New book highlights vital role played by Preston’s volunteers during the war

Posted on - 4th May, 2013 - 10:07am | Author - | Posted in - Arts, History



Preston has been recognised for its wartime contribution in a new book by train enthusiast Michael Williams – Steaming to Victory: How Britain’s railways won the war ( published by Preface Publishing).

Michael tells the story of the people who fought the war, not with guns, but with elbow grease and determination. The story of the British railways and the extraordinary men and women who kept them running from 1939 to 1945. A story that has hitherto been largely overlooked.

The book, to be published on 16 May, contains Micheal’s original research using material from UCLan’s extensive archives and over a hundred new personal interviews looking at war time life on the railway which mobilised troops, transported munitions, evacuated children from cities and kept vital food supplies moving where other forms of transport failed.

Michael Williams, who also wrote ‘On the Slow Train’, is the Senior Lecturer and Head of Media Ethics in the School of Journalism and Digital Communication at the University of Central Lancashire (UCLan). He said: “Preston was at the heart of the effort during World War Two. Volunteers in the buffet at Preston Station served 12 million cups of tea to troops passing through on the key route between London and Scotland.”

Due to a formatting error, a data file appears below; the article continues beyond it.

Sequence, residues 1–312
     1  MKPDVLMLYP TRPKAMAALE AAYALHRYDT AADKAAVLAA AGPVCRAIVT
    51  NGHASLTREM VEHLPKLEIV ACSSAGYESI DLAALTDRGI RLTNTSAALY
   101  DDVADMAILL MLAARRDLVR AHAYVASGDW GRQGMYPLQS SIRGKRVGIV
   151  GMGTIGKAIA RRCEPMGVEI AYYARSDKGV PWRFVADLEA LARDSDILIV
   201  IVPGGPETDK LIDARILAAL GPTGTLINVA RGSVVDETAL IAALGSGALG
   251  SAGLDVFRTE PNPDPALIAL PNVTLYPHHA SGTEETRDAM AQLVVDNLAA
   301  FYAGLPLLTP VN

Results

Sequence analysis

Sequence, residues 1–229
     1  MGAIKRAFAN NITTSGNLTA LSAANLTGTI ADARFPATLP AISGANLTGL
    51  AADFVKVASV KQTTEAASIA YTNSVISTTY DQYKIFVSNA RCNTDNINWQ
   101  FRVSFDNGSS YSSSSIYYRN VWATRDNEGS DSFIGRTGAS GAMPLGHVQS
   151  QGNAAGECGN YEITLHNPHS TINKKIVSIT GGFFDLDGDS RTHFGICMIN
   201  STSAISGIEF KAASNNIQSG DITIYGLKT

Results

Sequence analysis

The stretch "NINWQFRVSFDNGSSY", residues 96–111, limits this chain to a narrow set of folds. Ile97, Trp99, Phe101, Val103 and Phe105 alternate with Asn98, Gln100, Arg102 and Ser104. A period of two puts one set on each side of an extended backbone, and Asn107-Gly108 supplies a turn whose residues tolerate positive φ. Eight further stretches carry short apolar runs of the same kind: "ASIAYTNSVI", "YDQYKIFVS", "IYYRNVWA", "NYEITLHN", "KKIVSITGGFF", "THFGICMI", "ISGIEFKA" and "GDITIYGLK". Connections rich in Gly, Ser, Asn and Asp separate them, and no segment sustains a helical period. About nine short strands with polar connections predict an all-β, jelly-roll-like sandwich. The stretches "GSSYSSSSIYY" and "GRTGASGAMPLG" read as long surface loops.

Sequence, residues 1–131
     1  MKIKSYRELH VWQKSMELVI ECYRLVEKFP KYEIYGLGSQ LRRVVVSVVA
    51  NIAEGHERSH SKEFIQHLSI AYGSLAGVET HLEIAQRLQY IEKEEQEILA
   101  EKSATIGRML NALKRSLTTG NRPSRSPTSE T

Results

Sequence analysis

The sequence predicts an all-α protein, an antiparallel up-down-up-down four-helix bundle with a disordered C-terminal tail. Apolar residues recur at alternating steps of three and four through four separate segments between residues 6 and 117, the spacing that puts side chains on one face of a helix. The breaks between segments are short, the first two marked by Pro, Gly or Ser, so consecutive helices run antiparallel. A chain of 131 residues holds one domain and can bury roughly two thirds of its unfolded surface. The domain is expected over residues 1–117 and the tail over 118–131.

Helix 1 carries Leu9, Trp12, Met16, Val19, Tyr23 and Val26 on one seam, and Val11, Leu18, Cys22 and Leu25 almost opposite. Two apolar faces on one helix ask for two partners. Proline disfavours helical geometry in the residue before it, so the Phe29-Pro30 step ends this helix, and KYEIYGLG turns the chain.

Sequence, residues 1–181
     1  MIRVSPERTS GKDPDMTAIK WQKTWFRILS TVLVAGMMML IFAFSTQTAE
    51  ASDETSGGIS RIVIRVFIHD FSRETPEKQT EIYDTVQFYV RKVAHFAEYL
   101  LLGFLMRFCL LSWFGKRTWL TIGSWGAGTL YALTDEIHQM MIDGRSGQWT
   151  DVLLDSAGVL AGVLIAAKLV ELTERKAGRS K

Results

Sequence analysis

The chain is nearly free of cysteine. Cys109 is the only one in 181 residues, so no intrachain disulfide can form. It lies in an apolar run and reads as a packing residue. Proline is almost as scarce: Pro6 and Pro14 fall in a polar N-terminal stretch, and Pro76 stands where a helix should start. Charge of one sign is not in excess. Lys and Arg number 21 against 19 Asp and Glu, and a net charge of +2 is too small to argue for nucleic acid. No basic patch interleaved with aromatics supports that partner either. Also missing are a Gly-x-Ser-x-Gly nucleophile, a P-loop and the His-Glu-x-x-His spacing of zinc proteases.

Michael added: “I owe an enormous debt of gratitude to the UCLan library for helping me research key unpublished material about the war and its impact on the North West. Thankfully such institutions like that at UCLan are here to deploy modern resources to use the past to tell us about our future.”

Railwaymen and women performed outstanding acts of heroism. Nearly 400 workers were killed at their posts and another 2,400 injured in the line of duty. Another 3,500 railwaymen and women died in action.

During both the First and Second World Wars hundreds of women working 12-hour shifts served over 3 million men between 1915 and 1919. 12 million cups of tea were served between 1939 and 1945. The station a major north-south route for troops. There is a commemorative plaque covering World War Two in the waiting room on platforms 3 and 4.

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